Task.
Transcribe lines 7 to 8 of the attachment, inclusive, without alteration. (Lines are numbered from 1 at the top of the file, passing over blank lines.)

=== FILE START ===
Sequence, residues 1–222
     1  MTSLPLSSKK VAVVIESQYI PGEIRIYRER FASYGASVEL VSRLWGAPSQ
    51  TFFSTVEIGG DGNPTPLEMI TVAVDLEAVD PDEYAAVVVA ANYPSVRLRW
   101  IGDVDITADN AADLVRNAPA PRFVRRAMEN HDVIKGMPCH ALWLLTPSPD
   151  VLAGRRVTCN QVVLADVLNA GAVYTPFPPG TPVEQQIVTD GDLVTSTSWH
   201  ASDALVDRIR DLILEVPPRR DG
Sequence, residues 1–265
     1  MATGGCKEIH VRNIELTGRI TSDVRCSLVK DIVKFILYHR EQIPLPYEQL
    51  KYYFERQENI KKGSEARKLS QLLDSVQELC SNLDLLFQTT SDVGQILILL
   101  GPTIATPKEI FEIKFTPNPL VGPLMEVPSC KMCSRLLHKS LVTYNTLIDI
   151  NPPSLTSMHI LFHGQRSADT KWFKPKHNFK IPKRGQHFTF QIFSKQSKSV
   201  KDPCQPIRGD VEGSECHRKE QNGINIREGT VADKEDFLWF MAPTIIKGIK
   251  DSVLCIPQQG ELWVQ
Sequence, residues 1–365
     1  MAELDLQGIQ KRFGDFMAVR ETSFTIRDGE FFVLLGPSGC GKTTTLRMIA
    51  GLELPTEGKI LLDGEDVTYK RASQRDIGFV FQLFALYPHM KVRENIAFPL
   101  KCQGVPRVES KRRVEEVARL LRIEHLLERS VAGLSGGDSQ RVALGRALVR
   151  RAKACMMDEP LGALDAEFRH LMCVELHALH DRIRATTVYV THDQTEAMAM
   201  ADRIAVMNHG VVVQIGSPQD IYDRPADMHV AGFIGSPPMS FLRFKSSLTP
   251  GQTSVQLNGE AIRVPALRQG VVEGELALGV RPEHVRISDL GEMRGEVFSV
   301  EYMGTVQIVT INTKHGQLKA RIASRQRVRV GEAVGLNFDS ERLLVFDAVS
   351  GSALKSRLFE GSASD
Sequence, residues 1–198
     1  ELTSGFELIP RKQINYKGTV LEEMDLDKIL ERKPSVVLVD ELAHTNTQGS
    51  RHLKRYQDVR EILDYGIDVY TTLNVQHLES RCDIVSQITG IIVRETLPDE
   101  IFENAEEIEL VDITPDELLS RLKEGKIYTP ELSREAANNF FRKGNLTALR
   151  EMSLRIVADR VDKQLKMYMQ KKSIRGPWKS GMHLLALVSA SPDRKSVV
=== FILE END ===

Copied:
Sequence, residues 1–265
     1  MATGGCKEIH VRNIELTGRI TSDVRCSLVK DIVKFILYHR EQIPLPYEQL